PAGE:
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Thanksgiving Day, 2005

This column publishes usually every Sunday through Thursday after noon (sometimes even before; maybe even after sundown on busy days) U.S. Central Time except whenever a significant national holiday falls on the Monday through Friday associated with the otherwise-usual publication on the previous day (unless it is Independence Day or Christmas when it is the day on which the holiday is observed bu the U.S. government). In my opinion, there are five of these: Memorial Day, Independence Day, Veterans' Day, Thanksgiving Day, and Christmas.

With Thursday, Nov. 24 being Thanksgiving Day, I invite you to explore the link above.


Session results further dig Blanco's political grave

Perhaps it was her governance from the left in her first two regular sessions of the Legislature which attracted too much criticism for her liking. Or maybe it was the gravity of the situation after the hurricane disasters – reality predictably and reliably turns liberals into conservatives. But as Gov. Kathleen Blanco moved towards the ideological center, partly by her own volition, partly by others’, in her managing of the special Legislative session she endangered her political future even as she did many, if lukewarm, necessary things to help the state.

In this session, Blanco let the reins loose on Republican/conservative/good government impulses while pulling back on Democrat/liberal/populist ones. But, as has been her wont, she did so very inexpertly. She supported ethics reform – weak reform. She supported reducing taxes – barely and/or temporarily reducing. She supported budget reductions – but at the margins, not the real structural changes needed except by getting rid of the urban and rural (slush) funds.

By contrast, she did not stop efforts to make minor changes in the election code that if mishandled could promote fraud, or to redefine the nature and purpose of the Budget Stabilization Fund to allow more spending rather than encouraging increased, necessary budget cutting and, worst of all, backed a tepid marginal change in flood control policy in the state instead of throwing her weight also behind a comprehensive, vital overhaul. In short, she grudgingly adopted watered-down versions of the conservative/reform agenda, and allowed her allies on the populist left to have some small victories that left them wanting more.

Human psychology is such that people tend to attach more weight to and remember longer their disappointments. When trying to govern from the ideologically mish-mashed center, as Blanco appeared to do over the past three weeks beginning with the session call, those on the left and right will remember more intensely and for longer the episodes where they feel Blanco subverted their agendas rather than those moments of her support for them. In other words, she always will make more enemies than allies by governing from the center.

If Blanco could keep tacking to the right, to mirror the slow trend towards conservatism in the state now accelerated by the outcomes of the disasters, she might have a chance to win another term. Her problem is, she didn’t start there and two long-time, genuine conservatives at any time could step right into the race and corral majority conservative support across the state – Sen. David Vitter or Rep. Bobby Jindal. Then she would be in no-woman’s land, having burned too many bridges of support with the state’s liberals, especially as their leadership becomes more infused with the kook fringe and ignoramuses, for her to get meaningful political support from them.

One disappointed leftist faction, the Legislative Black Caucus, will continue to act as if it had meaning and relevance even as the post-disaster environment spurs its loss of political power. When its chairman state Rep. Cedric Richmond complains that “her administration has to be more open to input from the Legislative Black Caucus,” he fails to realize that “input” does not equal “influence.” Failing to grasp the distinction, it will be eager to find another candidate to support in 2007. Given the post-disaster environment’s producing a decline in black voters to make further a liberal black candidate unelectable in Louisiana, they likely would find appealing the candidacy of a member of Louisiana’s leading plantation family – Lt. Gov. Mitch Landrieu.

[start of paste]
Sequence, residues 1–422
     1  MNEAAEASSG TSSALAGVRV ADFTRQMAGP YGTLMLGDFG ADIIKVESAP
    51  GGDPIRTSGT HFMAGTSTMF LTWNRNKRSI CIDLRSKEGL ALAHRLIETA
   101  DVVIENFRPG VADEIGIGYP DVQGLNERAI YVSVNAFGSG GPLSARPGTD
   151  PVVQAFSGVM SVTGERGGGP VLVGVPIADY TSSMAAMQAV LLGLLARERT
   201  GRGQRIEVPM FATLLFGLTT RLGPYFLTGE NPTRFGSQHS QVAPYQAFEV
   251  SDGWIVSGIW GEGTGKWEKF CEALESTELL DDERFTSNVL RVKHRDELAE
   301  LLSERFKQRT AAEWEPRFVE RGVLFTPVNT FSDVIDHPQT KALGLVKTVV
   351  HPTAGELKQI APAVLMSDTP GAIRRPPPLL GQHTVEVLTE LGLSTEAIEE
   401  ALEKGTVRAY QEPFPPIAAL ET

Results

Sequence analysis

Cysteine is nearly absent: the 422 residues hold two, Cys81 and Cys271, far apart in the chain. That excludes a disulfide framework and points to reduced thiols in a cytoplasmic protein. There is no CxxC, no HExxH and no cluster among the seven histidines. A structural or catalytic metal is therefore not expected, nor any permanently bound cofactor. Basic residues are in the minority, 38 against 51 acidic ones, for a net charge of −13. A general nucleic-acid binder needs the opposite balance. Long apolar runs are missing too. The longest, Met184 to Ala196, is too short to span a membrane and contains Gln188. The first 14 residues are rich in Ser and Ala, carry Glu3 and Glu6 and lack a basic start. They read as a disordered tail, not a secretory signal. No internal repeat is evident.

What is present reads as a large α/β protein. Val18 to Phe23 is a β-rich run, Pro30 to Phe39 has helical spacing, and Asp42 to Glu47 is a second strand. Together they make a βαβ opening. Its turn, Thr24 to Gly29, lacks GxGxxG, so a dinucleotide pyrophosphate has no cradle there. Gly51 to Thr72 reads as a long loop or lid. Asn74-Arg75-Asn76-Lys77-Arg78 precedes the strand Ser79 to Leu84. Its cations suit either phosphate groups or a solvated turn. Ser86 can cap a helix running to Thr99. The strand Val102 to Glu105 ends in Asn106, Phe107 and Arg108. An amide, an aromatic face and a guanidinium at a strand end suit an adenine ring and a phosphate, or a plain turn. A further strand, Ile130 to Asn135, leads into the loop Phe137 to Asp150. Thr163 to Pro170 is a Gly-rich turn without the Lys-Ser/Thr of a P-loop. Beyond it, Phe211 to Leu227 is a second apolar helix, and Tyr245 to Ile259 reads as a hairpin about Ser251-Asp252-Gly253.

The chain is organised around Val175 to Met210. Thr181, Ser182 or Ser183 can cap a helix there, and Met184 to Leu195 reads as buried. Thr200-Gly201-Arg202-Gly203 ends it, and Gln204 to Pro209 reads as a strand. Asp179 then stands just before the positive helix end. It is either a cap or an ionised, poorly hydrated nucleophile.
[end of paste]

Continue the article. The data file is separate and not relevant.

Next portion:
In other words, the hard left will support the likes of Landrieu, genuine conservatives will rally behind a Vitter or Jindal, and Blanco will be out of the Governor’s Mansion in 2008 – if these guys run and Blanco continues to govern as she has. Which, given her move to the center towards the right away from the left, actually is the best thing for the state. She won’t win reelection as a result, but will have performed valuable service to the state, and that’s what a politician’s primary goal in office should be.


Last legislative session moments produce troubling results

Two bad things happened on the last day of the Louisiana Legislature’s special session, when attention spans of legislators wane and time constraints make some of them do things they ordinarily shouldn’t.

One was allowing the Senate to hijack HB 140 that would have the effect of preventing the full amount of money that should go into the Budget Stabilization Fund from doing so. The idea originally had been in another Senate bill but when that seemed to go nowhere in the House the Senate seized upon this bill and it easily passed both houses – even its Senate opponents in the Senate bill voted for it. However, this may be because of the contention by many Republicans that the bill is unconstitutional in its attempt to amend the Constitution by statute, and they passed it out simply to be able to challenge it in court if Gov. Kathleen Blanco signs it.

If it holds up or the challenge never comes after Blanco’s expected signature, this doesn’t necessarily mean the state will go hog-wild in spending when cuts may make better sense and to show the federal government that the state is serious about bringing more sanity to its fiscal affairs. Still, it’s best not to have the temptation present.

The other was restoring in HB 156 much of the money cut from the state’s Legal Service Corporation, funded also by the federal government, emanating originally from the governor’s executive order. Nationwide, this government-funded activist organization uses taxpayers’ dollars to engage in legal actions on behalf of a leftist political agenda with which the vast majority of Americans disagree, rather than any genuine legal assistance for the poor. Given its history (including falsifying its reporting of its activities), much stronger assurances that the recipients of its grants address genuine needs rather than engaging in political activism should have been sought before giving back most of is previous appropriation.

The last day of any session always is the worst – advocates of efficient government in the interests of the people always must be on the lookout for craziness out of the state’s Legislature in its waning moments.


Stuck on stupid IX: Protecting patronage, not people